ActivityOptions options = ActivityOptions.makeSceneTransitionAnimation(this,
        Pair.create(view1, "agreedName1"),
        Pair.create(view2, "agreedName2"));

Curved Motion

Animations in material design rely on curves for time interpolation and spatial movement patterns. The Android L Developer Preview provides new APIs that enable you to define custom timing curves and curved motion patterns for animations.

The PathInterpolator class is a new interpolator based on a Bézier curve or a Path object. This interpolator specifies a motion curve in a 1x1 square, with anchor points at (0,0) and (1,1) and control points as specified using the constructor arguments. You can also define a PathInterpolator as an XML resource:

<pathInterpolator xmlns:android=""

The Android L Developer Preview provides XML resources for the three basic curves in the material design specification:

  • @interpolator/fast_out_linear_in.xml
  • @interpolator/fast_out_slow_in.xml
  • @interpolator/linear_out_slow_in.xml

You can pass a PathInterpolator object to the Animator.setInterpolation method.

The ObjectAnimator class has new constructors that enable you to animate coordinates along a path using two or more properties at once. For example, the following animator uses a Path object to animate the X and Y properties of a view:

ObjectAnimator mAnimator;
mAnimator = ObjectAnimator.ofFloat(view, View.X, View.Y, path);

Animating View State Changes

The new StateListAnimator class lets you define animators that run when the state of a view changes. The following example shows how to define an StateListAnimator as an XML resource:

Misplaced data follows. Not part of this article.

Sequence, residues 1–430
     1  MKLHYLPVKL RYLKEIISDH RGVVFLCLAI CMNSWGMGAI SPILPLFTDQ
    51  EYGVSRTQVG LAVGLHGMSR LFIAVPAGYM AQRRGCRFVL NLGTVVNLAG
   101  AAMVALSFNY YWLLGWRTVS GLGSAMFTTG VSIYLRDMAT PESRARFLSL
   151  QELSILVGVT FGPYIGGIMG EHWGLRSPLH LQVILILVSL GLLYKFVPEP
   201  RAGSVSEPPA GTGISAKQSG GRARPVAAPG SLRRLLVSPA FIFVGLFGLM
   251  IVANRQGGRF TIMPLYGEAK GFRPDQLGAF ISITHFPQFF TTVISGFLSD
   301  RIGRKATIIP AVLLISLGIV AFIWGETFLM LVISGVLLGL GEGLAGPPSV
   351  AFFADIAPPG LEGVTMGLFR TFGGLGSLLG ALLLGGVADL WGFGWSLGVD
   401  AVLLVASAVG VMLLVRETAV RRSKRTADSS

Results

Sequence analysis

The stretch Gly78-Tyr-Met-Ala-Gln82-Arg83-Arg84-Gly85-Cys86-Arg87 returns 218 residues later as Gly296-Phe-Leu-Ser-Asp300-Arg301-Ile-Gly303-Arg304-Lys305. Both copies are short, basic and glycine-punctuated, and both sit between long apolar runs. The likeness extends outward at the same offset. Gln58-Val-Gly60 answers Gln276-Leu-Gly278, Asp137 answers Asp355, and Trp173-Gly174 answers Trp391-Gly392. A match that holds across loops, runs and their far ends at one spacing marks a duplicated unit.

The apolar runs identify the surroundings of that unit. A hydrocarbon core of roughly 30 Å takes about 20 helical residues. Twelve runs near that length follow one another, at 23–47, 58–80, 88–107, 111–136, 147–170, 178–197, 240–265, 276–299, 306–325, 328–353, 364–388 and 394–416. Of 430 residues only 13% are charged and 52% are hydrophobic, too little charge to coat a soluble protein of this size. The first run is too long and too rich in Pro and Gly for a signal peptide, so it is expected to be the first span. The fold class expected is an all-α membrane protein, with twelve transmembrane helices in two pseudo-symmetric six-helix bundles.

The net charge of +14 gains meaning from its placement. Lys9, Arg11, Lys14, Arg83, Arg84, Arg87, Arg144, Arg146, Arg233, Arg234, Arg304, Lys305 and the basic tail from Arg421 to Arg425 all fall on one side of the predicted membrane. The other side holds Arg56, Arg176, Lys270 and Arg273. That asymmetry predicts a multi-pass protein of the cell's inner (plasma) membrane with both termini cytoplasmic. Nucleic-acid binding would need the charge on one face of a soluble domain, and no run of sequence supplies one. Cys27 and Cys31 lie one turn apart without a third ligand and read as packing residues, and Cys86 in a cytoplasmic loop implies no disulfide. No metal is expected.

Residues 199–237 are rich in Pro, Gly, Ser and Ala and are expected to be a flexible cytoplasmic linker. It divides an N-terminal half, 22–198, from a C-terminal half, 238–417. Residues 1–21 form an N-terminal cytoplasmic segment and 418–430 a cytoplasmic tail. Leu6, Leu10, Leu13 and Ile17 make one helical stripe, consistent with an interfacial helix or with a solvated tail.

<!-- animate the translationZ property of a view when pressed -->
<selector xmlns:android="">
  <item android:state_pressed="true">
      <objectAnimator android:propertyName="translationZ"
        <!-- you could have other objectAnimator elements
             here for "x" and "y", or other properties -->
  <item android:state_enabled="true"
      <objectAnimator android:propertyName="translationZ"

Note: There is a known issue in the L Developer Preview release that requires valueFrom values to be provided in StateListAnimator animations to get the correct behavior.

The new AnimatedStateListDrawable class lets you create drawables that show animations between state changes of the associated view. Some of the system widgets in the Android L Developer Preview use these animations by default. The following example shows how to define an AnimatedStateListDrawable as an XML resource:

<!-- res/drawable/myanimstatedrawable.xml -->

    <!-- provide a different drawable for each state-->
    <item android:id="@+id/pressed" android:drawable="@drawable/drawableP"
    <item android:id="@+id/focused" android:drawable="@drawable/drawableF"
    <item android:id="@id/default"

    <!-- specify a transition -->
    <transition android:fromId="@+id/default" android:toId="@+id/pressed">
            <item android:duration="15" android:drawable="@drawable/dt1"/>
            <item android:duration="15" android:drawable="@drawable/dt2"/>

Drawable Tinting

The Android L Developer Preview enables you to define bitmaps or nine-patches as alpha masks and to tint them using a color resource or a theme attribute that resolves to a color resource (for example, ?android:attr/colorPrimary). You can create these assets only once and color them automatically to match your theme.

To apply a tint to a bitmap, use the setTint method or the android:tint attribute for BitmapDrawable and NinePatchDrawable.

The setTint method also lets you set the Porter-Duff mode used to blend the tint color for NinePatchDrawable and BitmapDrawable objects in your code. To set the tint mode in your layouts, use the android:tintMode attribute.

Extracting Prominent Colors from an Image

The Android L Developer Preview Support Library includes the Palette class, which lets you extract prominent colors from an image. This class extracts the following prominent colors:

  • Vibrant
  • Vibrant dark
  • Vibrant light
  • Muted
  • Muted dark
  • Muted light

To extract these colors, pass a Bitmap object to the Palette.generate static method in the background thread where you load your images. If you can't use that thread, call the Palette.generateAsync method instead and provide a listener.

To retrieve the prominent colors from the image, use the getter methods in the Palette class, such as Palette.getVibrantColor.

For more information, see the API reference for the class.